Forbes: Using Customer Journey Orchestration And AI To Optimize Customer Experience

A stellar customer experience can require a lot of pieces to be in place that span the internal-facing and external-facing parts of your organization. Customer journey orchestration allows marketers to integrate different marketing technology systems and platforms together. For instance, you can tie together your social media advertising, your website, your email marketing and your customer relationship management system  or customer database. This means you can share information between them that helps each platform take the best actions based on the specific customer or their last actions.

Read More
Greg Kihlstrom
Digital delight and the art of customer experience

While we live in an increasingly digital world, to truly measure CX, we have to be able to measure both online and offline interactions. While we may use digital tools to do so, we can’t ever forget that customer experience is wherever the customer is, and whatever interaction they may be having. This would be an in-store conversation, a phone call to customer services, or, yes, a website or social media interaction.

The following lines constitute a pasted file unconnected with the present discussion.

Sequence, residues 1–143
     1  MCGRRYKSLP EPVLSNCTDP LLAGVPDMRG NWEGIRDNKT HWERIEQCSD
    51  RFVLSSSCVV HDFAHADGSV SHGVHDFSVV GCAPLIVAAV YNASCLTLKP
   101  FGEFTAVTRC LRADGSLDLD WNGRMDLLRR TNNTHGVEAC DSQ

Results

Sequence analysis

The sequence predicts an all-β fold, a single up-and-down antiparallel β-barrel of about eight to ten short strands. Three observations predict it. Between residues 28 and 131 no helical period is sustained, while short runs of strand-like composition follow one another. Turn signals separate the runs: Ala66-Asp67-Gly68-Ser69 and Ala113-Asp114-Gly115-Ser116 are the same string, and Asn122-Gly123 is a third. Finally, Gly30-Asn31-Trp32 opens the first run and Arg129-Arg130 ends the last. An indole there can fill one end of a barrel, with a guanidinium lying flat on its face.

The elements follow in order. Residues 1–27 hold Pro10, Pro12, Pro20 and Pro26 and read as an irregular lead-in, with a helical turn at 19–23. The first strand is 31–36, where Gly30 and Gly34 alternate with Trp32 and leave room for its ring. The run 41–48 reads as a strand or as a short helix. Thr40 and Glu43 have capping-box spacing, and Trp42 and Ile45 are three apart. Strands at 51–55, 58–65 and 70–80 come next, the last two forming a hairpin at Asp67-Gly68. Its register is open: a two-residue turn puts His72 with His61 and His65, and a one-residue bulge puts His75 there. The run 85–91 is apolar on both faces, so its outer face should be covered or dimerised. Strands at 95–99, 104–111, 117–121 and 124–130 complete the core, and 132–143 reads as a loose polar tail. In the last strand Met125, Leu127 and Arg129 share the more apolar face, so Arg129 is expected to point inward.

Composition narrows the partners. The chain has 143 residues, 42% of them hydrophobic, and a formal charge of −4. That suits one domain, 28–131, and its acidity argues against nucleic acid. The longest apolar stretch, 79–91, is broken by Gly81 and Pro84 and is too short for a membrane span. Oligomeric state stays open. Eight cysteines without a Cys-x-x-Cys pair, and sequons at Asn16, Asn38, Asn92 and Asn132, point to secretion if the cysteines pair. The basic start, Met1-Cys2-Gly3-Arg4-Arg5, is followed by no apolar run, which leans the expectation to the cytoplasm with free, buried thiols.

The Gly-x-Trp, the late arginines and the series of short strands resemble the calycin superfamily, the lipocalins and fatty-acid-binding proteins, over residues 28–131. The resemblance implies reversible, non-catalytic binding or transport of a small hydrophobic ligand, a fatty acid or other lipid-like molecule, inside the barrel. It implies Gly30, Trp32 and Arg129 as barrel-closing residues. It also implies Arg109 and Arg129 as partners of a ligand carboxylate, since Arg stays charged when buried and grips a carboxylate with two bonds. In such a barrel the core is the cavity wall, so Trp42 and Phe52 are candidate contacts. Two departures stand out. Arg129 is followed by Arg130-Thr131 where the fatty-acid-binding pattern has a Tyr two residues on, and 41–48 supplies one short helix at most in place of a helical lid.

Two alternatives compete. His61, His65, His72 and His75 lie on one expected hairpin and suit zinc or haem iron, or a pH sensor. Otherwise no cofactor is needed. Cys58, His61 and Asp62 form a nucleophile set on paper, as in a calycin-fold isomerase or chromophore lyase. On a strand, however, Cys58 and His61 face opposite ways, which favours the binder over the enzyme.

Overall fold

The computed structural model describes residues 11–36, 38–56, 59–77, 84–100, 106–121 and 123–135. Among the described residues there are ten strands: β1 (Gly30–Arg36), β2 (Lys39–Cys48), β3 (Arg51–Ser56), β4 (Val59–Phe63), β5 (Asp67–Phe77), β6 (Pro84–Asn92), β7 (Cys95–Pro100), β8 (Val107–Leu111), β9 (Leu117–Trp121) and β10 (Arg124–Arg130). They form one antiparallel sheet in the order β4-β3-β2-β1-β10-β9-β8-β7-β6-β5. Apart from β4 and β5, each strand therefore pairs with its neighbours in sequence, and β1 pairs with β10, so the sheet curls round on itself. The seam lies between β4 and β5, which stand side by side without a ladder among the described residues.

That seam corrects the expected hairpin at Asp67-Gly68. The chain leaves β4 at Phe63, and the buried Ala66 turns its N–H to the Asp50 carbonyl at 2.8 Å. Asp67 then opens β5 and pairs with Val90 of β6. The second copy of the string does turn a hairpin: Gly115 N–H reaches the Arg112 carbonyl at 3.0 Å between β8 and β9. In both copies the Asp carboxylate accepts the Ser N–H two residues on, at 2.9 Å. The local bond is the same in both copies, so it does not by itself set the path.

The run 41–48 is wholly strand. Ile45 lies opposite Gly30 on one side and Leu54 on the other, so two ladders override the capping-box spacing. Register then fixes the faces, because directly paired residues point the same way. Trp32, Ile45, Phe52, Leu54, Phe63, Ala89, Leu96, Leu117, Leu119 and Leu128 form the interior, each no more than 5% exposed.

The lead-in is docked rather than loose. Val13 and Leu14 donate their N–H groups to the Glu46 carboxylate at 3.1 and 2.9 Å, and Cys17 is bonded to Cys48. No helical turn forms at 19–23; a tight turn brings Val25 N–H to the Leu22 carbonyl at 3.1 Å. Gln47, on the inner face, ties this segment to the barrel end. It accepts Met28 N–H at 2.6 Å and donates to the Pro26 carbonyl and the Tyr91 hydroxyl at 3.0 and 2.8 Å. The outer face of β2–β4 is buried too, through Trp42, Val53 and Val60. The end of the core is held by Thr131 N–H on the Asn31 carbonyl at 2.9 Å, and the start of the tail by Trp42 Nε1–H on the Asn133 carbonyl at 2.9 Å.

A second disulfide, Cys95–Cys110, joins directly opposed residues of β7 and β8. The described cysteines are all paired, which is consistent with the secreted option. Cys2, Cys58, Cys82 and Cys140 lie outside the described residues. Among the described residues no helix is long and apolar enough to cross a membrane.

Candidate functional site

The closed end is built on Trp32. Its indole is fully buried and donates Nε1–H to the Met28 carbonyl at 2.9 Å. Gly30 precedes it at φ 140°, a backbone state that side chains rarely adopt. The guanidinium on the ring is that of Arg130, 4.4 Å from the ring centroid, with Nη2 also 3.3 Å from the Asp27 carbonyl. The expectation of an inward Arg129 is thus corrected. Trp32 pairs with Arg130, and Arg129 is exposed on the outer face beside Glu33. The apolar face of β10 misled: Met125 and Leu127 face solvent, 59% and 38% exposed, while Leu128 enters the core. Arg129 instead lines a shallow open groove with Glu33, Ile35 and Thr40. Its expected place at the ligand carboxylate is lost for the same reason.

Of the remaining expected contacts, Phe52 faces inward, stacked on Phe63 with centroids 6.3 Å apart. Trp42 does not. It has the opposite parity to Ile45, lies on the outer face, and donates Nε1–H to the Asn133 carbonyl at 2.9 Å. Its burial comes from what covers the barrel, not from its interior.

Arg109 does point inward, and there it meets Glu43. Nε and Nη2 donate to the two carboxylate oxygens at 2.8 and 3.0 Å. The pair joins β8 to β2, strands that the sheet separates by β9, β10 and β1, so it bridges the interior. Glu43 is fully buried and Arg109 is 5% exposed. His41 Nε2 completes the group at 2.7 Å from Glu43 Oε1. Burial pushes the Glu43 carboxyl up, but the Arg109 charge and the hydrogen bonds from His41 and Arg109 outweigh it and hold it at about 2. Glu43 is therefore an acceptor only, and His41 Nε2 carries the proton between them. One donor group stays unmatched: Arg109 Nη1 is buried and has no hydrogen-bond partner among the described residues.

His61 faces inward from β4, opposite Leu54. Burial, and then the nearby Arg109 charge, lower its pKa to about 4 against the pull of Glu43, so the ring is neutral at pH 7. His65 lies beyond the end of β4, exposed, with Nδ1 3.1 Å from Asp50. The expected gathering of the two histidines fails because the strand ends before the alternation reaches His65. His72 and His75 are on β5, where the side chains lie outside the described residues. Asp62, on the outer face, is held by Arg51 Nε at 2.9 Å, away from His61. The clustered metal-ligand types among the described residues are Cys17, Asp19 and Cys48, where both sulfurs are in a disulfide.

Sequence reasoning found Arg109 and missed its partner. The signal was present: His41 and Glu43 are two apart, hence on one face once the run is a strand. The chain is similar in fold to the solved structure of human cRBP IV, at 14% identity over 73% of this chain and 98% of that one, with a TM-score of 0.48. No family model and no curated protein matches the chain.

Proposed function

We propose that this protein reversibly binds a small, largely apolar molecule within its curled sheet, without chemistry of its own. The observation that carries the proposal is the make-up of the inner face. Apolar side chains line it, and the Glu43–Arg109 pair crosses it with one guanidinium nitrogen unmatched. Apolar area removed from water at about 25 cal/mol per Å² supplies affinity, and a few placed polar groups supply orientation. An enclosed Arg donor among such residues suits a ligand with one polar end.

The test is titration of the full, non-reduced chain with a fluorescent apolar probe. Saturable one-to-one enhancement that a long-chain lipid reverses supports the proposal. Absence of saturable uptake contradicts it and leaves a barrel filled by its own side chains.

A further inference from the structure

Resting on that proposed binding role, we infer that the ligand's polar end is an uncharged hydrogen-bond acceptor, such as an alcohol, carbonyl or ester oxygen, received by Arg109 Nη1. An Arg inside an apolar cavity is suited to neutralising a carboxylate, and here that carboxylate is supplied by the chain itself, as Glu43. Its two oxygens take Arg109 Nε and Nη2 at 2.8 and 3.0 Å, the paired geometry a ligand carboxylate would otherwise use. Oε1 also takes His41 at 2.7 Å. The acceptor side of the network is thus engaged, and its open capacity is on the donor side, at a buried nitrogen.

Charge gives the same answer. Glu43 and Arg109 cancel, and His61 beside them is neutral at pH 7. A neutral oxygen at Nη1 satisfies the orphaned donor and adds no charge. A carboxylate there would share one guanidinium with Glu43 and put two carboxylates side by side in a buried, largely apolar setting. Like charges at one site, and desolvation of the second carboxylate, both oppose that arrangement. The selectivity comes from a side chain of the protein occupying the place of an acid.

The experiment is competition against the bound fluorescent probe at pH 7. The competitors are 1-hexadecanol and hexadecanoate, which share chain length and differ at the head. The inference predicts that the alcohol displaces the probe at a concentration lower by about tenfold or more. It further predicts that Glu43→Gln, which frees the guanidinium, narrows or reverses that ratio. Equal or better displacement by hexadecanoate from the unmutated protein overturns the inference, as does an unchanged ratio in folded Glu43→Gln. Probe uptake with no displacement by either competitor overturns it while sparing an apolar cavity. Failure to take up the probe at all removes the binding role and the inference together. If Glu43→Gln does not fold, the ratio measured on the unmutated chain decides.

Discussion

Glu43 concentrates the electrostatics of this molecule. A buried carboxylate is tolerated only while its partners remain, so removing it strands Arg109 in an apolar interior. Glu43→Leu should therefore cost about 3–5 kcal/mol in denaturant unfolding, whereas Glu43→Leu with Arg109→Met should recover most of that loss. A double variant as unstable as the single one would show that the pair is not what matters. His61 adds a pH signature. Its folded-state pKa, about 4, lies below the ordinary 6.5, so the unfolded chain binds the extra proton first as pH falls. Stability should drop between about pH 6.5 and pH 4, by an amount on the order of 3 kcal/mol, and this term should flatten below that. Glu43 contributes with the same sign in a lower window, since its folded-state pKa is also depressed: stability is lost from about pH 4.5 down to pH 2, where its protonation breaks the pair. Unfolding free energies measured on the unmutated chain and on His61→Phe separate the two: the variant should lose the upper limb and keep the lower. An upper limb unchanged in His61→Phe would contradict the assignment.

Read More
Greg Kihlstrom
Forbes: Consumer-Centric Measurement Of Your Customer Experience

Measuring your customer experience takes careful planning, a solid infrastructure, and clearly articulated metrics for success. These metrics are often created by looking at what the business needs, not at how the customer perceives success. We can sometimes get so focused on achieving our business key performance indicators (KPIs) that we lose sight of the central part of CX in the first place: the customer.

Read More
Greg Kihlstrom
Forbes: Preparing Your Organization For Customer Experience Optimization

While your organization's leadership may all be in agreement that investing in customer experience is important, they may not always understand the far-reaching implications of an optimization effort. After all, unlike other more siloed efforts such as marketing campaigns or IT infrastructure enhancements, customer experience touches nearly everyone in your organization.

Read More
Greg Kihlstrom